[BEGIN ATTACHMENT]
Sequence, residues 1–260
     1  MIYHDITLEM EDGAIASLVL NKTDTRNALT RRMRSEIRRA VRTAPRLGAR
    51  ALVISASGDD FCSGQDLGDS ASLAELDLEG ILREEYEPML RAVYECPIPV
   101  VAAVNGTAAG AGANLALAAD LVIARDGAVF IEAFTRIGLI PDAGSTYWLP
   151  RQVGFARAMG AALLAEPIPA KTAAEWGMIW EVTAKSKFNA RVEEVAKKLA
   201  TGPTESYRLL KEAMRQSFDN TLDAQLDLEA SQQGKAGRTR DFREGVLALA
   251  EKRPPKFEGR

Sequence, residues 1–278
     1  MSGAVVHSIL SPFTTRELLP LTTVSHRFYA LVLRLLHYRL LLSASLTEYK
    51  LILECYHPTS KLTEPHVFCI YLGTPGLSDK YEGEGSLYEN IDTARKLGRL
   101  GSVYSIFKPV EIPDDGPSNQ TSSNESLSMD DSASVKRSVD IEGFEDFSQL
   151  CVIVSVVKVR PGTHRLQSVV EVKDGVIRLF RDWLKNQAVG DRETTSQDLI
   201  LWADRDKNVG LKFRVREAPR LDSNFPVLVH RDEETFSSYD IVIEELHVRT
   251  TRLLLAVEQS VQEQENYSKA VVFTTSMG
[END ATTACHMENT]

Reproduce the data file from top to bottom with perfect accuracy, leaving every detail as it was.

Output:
Sequence, residues 1–260
     1  MIYHDITLEM EDGAIASLVL NKTDTRNALT RRMRSEIRRA VRTAPRLGAR
    51  ALVISASGDD FCSGQDLGDS ASLAELDLEG ILREEYEPML RAVYECPIPV
   101  VAAVNGTAAG AGANLALAAD LVIARDGAVF IEAFTRIGLI PDAGSTYWLP
   151  RQVGFARAMG AALLAEPIPA KTAAEWGMIW EVTAKSKFNA RVEEVAKKLA
   201  TGPTESYRLL KEAMRQSFDN TLDAQLDLEA SQQGKAGRTR DFREGVLALA
   251  EKRPPKFEGR

Sequence, residues 1–278
     1  MSGAVVHSIL SPFTTRELLP LTTVSHRFYA LVLRLLHYRL LLSASLTEYK
    51  LILECYHPTS KLTEPHVFCI YLGTPGLSDK YEGEGSLYEN IDTARKLGRL
   101  GSVYSIFKPV EIPDDGPSNQ TSSNESLSMD DSASVKRSVD IEGFEDFSQL
   151  CVIVSVVKVR PGTHRLQSVV EVKDGVIRLF RDWLKNQAVG DRETTSQDLI
   201  LWADRDKNVG LKFRVREAPR LDSNFPVLVH RDEETFSSYD IVIEELHVRT
   251  TRLLLAVEQS VQEQENYSKA VVFTTSMG